Anthony Trollope: Barchester Towers


No announcement was necessary, indeed; for the good lady's voice was heard as she walked across the court-yard to the house scolding the unfortunate postilion who had driven her from Barchester. At the moment Miss Thorne could not but be thankful that the other guests were more fashionable, and were thus spared the fury of Mrs Clantantram's indignation.

'Oh, Miss Thorne, look here!' said she, as soon as she found herself in the drawing-room; 'do look at my roquelaure! It's clean spoilt, and for ever. I wouldn't but wear it because I know you wished us all to be grand to-day; and yet I had my misgivings. Oh dear, oh dear! It was five-and-twenty shillings a yard.'

The Barchester post horses had misbehaved in some unfortunate manner just as Mrs Clantantram was getting out of the chaise and had nearly thrown her under the wheel.

Mrs Clantantram belonged to other days, and therefore, though she had but little else to recommend her, Miss Thorne was to a certain extent fond of her. She sent the roquelaure away to be cleaned, and lent her one of her best shawls out of her own wardrobe.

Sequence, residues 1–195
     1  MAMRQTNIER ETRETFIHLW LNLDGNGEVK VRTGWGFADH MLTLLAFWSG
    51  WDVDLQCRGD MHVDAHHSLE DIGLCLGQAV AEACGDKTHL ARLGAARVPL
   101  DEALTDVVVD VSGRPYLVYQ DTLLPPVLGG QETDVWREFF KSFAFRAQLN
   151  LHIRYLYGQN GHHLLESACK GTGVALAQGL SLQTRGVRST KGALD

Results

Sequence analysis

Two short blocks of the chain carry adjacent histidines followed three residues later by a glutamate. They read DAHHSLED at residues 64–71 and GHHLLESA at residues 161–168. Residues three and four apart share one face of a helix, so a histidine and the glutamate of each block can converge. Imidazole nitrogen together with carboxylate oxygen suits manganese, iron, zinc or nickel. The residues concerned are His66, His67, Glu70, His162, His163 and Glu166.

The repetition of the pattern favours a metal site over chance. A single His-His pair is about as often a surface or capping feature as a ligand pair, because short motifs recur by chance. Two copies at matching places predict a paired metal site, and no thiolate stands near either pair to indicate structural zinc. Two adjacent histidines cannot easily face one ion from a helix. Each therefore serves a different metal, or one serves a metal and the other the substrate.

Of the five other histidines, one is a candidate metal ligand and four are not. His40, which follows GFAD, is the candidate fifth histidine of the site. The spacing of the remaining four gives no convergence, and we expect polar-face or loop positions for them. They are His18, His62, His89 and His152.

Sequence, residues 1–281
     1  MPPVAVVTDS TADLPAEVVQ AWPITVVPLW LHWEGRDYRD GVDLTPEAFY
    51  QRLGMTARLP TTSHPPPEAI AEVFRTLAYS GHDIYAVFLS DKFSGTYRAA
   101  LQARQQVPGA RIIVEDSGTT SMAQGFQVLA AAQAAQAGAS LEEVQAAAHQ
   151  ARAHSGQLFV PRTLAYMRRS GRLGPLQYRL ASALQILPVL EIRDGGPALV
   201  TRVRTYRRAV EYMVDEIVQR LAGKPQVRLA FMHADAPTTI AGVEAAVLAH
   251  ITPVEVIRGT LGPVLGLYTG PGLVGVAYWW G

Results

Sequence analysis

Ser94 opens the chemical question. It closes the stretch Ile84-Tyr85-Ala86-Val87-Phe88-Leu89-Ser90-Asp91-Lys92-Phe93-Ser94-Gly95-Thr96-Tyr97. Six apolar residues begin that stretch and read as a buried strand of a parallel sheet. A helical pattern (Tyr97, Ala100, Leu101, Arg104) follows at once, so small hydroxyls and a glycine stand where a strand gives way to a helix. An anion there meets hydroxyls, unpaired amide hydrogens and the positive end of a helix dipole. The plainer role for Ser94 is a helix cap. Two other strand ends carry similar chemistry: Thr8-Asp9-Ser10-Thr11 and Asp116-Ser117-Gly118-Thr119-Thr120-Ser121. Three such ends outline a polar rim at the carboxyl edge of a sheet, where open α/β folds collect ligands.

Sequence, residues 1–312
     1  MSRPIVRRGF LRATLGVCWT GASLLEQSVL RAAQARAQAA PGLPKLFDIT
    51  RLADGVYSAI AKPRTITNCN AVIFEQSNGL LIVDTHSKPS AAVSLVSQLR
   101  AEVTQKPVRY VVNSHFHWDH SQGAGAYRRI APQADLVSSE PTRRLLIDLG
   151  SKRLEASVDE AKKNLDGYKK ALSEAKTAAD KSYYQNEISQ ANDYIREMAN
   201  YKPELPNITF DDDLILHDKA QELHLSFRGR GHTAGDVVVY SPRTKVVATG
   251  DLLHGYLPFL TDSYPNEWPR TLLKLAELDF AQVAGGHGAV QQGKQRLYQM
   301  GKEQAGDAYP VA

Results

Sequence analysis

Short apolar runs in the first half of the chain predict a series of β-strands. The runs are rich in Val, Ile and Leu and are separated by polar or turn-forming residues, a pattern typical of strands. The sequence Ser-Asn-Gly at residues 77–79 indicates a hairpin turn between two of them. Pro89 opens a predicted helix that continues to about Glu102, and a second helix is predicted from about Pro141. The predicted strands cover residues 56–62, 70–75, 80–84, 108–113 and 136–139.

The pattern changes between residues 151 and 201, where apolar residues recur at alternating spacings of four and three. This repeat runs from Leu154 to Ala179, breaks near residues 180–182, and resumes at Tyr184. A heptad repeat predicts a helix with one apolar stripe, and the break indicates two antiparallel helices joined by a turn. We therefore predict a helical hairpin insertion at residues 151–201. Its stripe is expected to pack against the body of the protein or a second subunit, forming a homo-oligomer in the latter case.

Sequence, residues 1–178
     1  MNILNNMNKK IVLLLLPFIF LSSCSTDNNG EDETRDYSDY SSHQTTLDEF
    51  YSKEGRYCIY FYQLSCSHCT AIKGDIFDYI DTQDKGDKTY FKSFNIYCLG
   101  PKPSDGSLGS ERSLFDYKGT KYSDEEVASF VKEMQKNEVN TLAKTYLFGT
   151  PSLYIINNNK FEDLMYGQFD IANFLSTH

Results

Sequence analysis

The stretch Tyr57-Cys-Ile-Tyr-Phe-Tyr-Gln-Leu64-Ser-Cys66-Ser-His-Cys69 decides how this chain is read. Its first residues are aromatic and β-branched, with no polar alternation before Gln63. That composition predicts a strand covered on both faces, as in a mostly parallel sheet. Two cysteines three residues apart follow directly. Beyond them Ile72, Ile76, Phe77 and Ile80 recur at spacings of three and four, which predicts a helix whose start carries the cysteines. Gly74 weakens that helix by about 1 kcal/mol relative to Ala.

The next comer was Mr Arabin, who was immediately informed of Mrs Clantantram's misfortune, and of her determination to pay neither master nor post-boy; although, as she remarked, she intended to get her lift home before she made known her mind upon that matter. Then a good deal of rustling was heard in the sort of lobby that was used for the ladies' outside cloaks; and the door having been thrown wide open, the servant announced, not in the most confident of voices, Mrs Lookaloft, and the Miss Lookalofts, and Mr Augustus Lookaloft.

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